How Has Covid Changed Our Stories?

This weekend, while mowing the lawn, I listened to Asphalt Meadows, the new Death Cab for Cutie album. I am a horrible screen addict who has to constantly fight the urge to inundate myself with multiple streams of content at once, Back to the Future-style, so mowing the lawn is a great time for me to actually listen to music while part of my brain is focused on the simple task of driving in straight lines.

Marty McFly watches six channels at once in Back to the Future.

Upon initial listen, I really liked it. It’s clearly recognizable as a Death Cab album, but it also feels like something very different from the band. There is considerably less slick production. The sound is much more raw. Out of the quiet parts, they blast you with almost violent noise.

Death Cab has always had an emo melancholy streak, but it’s amped up here. And yet, there are still glimmers of hope in the face of tragedy. I’m hardly an expert music critic, but it feels like a Covid album.

Trends and Tectonic Shifts in Storytelling

The last few years have had such broad effects on society and on most of us personally. I’ve been wondering for a while just what long-term changes this will wreak on the world at large. It’ll take decades to begin to understand how these plague years have changed us.

As a writer, I think one of the most interesting lenses to view society through is our stories. There are always trends in fiction, like the waves of zombies following The Walking Dead, the vampire romances following Twilight, and the myriad dystopias post-Hunger Games. But there are bigger trends too. These meta-trends can show something about our collective sentiment or what we’re seeking in our imagined worlds that we feel lacking in the real one.

The optimistic science-fiction of the post-WWII era reflected a society that thought it could do anything. This was a society that believed technology could be harnessed to solve any problem and overcome any obstacle. This was the Jetsons-style future of sleek silver spaceships and moving sidewalks and personal robot butlers.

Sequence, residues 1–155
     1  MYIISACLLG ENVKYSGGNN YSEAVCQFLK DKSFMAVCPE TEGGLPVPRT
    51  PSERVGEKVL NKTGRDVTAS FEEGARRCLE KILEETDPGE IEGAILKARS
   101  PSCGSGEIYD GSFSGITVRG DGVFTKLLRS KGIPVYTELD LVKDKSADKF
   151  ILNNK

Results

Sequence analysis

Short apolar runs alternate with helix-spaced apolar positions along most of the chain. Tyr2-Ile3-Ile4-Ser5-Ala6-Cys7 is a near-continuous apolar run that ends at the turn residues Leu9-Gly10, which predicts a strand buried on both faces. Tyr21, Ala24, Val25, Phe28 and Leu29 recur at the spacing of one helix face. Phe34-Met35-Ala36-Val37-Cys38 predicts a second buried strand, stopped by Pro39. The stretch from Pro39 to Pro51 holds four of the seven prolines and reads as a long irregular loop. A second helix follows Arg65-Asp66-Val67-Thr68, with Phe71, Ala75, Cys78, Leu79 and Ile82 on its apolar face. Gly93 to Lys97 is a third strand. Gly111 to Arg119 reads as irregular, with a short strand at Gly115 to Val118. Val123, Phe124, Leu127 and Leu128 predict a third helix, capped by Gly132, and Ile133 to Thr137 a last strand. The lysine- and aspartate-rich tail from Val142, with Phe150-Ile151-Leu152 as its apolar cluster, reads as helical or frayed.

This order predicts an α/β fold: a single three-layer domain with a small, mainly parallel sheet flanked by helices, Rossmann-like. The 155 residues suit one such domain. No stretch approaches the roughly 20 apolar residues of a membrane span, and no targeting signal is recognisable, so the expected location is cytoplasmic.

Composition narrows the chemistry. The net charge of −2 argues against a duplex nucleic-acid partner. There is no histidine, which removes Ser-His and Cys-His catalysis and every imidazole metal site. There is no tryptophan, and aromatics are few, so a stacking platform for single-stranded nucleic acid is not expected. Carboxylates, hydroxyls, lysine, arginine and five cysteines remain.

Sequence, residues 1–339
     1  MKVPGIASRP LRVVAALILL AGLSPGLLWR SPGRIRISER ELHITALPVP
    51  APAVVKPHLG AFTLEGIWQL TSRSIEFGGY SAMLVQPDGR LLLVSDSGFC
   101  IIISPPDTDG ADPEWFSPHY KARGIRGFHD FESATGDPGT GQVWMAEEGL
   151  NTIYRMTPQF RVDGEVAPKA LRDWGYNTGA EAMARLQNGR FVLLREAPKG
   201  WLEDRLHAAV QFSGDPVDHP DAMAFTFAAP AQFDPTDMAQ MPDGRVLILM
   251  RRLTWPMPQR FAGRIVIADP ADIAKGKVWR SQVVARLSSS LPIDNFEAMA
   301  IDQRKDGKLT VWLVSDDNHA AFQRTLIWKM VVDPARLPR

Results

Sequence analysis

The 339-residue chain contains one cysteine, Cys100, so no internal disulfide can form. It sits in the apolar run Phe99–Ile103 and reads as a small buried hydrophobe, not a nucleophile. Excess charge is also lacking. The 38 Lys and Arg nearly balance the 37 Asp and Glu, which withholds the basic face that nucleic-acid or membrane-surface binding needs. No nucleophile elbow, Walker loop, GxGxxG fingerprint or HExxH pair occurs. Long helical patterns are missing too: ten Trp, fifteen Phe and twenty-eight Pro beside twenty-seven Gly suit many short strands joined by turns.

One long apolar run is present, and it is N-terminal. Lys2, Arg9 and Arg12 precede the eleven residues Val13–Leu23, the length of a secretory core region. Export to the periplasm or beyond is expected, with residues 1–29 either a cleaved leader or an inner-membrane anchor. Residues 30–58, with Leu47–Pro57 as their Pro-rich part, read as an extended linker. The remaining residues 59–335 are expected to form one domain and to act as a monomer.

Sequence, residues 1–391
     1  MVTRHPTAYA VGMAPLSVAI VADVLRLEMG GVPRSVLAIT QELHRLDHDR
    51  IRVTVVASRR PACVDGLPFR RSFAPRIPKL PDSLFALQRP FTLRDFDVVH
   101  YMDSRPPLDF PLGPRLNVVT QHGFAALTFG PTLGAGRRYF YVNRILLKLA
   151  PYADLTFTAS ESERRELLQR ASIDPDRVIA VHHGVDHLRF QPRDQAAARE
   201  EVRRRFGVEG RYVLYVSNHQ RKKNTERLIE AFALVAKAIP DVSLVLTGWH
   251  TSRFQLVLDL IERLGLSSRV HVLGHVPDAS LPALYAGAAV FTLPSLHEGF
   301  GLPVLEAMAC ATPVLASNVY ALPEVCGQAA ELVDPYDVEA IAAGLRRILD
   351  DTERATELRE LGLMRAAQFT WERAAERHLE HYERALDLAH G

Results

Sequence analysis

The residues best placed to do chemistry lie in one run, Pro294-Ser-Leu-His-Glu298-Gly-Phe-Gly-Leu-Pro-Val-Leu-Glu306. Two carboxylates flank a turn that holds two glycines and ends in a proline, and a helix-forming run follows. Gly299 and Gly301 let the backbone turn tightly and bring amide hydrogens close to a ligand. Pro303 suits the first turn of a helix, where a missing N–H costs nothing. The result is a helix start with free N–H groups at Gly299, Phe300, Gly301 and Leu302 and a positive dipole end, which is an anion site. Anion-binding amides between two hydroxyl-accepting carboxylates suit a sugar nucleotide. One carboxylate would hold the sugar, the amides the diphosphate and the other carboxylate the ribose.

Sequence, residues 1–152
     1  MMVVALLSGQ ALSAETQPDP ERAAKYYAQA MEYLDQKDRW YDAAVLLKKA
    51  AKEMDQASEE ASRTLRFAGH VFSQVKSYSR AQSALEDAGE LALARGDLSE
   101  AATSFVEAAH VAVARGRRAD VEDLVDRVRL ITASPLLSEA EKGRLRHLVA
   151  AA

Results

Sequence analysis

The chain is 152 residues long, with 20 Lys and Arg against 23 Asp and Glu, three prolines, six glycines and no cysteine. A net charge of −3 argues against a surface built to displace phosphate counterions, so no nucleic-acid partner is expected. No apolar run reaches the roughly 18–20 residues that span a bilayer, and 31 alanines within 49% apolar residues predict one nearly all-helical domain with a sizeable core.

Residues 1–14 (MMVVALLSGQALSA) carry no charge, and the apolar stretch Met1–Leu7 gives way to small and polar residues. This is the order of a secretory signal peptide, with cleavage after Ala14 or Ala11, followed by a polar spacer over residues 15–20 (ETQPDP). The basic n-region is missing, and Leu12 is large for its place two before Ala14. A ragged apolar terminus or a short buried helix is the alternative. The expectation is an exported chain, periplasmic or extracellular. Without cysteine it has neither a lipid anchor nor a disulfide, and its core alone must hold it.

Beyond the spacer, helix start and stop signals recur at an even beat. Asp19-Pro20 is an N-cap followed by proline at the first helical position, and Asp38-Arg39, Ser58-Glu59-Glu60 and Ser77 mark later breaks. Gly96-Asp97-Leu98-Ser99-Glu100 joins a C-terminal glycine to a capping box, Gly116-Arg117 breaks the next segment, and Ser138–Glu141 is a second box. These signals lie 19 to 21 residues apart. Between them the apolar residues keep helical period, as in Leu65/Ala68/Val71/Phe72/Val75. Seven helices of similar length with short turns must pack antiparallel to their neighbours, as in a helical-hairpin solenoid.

Is Cyberpunk the Present Day Yet?

When this blog was young (a whopping 1.5 years ago), I wrote an article inspired by a tweet by William Gibson, and asked, is cyberpunk retro-futurism yet? Looking back, I think that while the aesthetics of cyberpunk have been reused and recycled extensively, it’s the deeper themes of cyberpunk that really seem to be oddly on-point in our current day and age.

The futurists of the 1980s looking toward a world dominated by mega-corporations and invasive technology seems almost quaint in our modern era of Amazon and Facebook, of ad-targeting and bot-farms and Cambridge Analytica and wondering whether Alexa or Siri is listening in on our conversations. In a lot of ways, we’ve out-cyberpunked the genre of cyberpunk with our own dystopic reality.

But looking beyond these surface-level themes of cyberpunk, I think there is an even more resonant core. Cyberpunk is about vast, uncontrollable systems. Rogue AIs, mega-corporations, and legions of near-human replicants all represent systems so big and so complicated that the average person on the street has no way to even understand what’s going on, let alone take it in a fair fight. Cyberpunk is about survival in a world of vast, incomprehensible, world-controlling systems that are completely indifferent to you.

Surviving in a completely indifferent world. Boy, that sounds familiar.

When Dystopia is Too Optimistic

What about the last few years? What has changed in our stories? Again, this is something that will need the space of another decade or two to really understand, but I can look at the anecdotal evidence of the stories I’ve been reading and watching recently. A lot of these stories are about found family, about belonging, hope and love in a world of hate and nihilism.